Daniel M. Shapiro (firstname.lastname@example.org) is a special education teacher who lives in Pittsburgh. His recent book of poems, How the Potato Chip Was Invented, was published by sunnyoutside press. His poetry website is Little Myths (http://littlemyths-dms.blogspot.com/).
I write primarily to express myself. My past as a journalist and advertising copywriter seems to make my poems different from those written by people with poetry backgrounds. I work a lot of biography (or invented biography) into my writing and often present popular culture phenomena as allegory. I am influenced by other poets who do this, though not many do, and they are often criticized for doing so. Many critics and other writers consider pop culture to be low culture, so they try to avoid it. I like to write poems about what I know, and I have always been interested in knowing things like who played drums on “Land of 1,000 Dances” or which Burt Reynolds movie has a cameo by a teen-age Kevin Bacon (Roger Hawkins and “Starting Over,” respectively). The challenge is to write something meaningful with that mindset and what might seem like useless knowledge. I enjoy that challenge.
What other creative activities are you involved in?
I used to play instruments, draw, and paint, but I haven’t participated in creative activities other than writing lately. I enjoy being part of an artistic community through poetry. I was never good enough at my other creative pursuits to have been able to participate in a community.
Who is your favorite author and why?
It’s hard to pick one author. I like writers who take risks. Even a best-seller such as “Gone Girl” is a risky novel because of how the author, Gillian Flynn, has written the first half. I don’t want to give away what happens, but I actually quit on that book twice but was persuaded to stick with it. I am amazed it didn’t flop because of that first half, but the writer clearly knew what she was doing despite what I consider to be continual danger of losing readers. I just read Jim Thompson’s book “A Hell of a Woman,” in which the protagonist has a breakdown in the end, and his narration is split into two voices. For 1950s pulp fiction, that’s a pretty daring concept. Recently, I read Yannick Murphy’s “This Is the Water,” a mystery/crime novel written in the second person. She turns the reader into a character and uses a lot of repetition that could be off-putting for some. I found the book ideally disorienting.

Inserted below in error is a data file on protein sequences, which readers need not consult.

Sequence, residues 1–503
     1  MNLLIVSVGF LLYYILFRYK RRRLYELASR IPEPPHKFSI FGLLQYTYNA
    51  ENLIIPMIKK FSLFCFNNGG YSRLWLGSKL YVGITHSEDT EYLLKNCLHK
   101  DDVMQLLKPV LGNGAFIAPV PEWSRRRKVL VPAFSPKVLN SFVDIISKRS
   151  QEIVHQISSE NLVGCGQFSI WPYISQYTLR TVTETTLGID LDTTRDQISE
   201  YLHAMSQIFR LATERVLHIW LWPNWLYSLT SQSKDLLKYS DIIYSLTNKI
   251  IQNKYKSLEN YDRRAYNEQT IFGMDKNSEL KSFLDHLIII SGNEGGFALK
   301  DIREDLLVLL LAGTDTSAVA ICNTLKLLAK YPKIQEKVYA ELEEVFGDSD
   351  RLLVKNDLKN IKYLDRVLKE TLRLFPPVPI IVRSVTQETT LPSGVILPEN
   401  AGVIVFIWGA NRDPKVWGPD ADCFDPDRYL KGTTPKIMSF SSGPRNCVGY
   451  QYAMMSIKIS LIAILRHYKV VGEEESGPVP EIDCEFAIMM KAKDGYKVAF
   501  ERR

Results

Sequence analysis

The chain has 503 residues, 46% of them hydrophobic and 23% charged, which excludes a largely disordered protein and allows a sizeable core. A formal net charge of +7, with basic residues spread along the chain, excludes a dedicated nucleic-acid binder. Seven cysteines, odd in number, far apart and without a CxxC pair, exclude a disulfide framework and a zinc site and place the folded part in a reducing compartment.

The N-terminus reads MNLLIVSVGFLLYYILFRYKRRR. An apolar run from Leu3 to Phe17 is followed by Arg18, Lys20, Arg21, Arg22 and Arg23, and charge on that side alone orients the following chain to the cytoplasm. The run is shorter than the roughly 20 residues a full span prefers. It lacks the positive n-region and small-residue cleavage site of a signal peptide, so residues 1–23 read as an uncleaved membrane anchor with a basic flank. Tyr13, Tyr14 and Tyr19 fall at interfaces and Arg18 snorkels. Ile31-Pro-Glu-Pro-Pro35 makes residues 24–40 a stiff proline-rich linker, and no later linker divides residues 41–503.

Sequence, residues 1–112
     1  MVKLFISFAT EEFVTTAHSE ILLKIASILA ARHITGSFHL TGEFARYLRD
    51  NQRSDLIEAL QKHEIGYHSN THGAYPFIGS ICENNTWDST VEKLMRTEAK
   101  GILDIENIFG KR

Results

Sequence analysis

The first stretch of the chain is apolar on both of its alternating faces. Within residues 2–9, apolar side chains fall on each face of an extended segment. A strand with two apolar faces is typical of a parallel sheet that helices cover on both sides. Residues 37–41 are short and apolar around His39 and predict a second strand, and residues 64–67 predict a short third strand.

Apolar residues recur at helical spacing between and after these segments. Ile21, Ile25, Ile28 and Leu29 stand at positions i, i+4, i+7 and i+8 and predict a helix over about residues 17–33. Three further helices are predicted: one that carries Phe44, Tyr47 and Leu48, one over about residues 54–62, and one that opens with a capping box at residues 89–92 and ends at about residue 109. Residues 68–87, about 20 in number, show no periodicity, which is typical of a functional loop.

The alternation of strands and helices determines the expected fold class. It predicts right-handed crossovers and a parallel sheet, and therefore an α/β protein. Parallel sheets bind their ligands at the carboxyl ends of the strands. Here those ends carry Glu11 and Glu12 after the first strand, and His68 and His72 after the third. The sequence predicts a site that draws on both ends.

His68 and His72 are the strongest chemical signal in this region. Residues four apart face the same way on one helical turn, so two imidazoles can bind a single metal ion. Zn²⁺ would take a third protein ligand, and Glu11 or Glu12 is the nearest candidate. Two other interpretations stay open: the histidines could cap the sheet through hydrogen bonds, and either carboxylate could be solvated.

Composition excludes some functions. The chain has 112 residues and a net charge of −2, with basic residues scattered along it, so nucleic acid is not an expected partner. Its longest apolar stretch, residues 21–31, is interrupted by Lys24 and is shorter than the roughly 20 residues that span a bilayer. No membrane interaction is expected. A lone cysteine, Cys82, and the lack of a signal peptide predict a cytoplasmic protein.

Tell us about the mechanics of how you write.
As a journalist, I would sometimes go to a concert at night and write a review that would appear in the next day’s paper. To get that done, I would have to write the review in my head on the way back to the newsroom. I tend to write poems in a similar way, with only a handful of concrete ideas to start with. First I have the theme I want and maybe a few phrases (which I sometimes save as notes in my phone). Then I sit down and write a draft that incorporates the theme and phrases. I have had times when the poems just pour out, when I haven’t had to make many edits. Other poems I’ve had for years and continue to revise.
Finally, what do you think about Carp, the fish, not our website?
I have had a good relationship with carp over the years. As a Jewish kid, I remember eating gefilte fish every year during Passover. Gefilte fish is carp that’s ground up and shaped into patties. It disgusts many people. Everyone I know hated gefilte fish. I was the only one who loved it, so I always got to eat a lot of it. It’s a food that takes risks.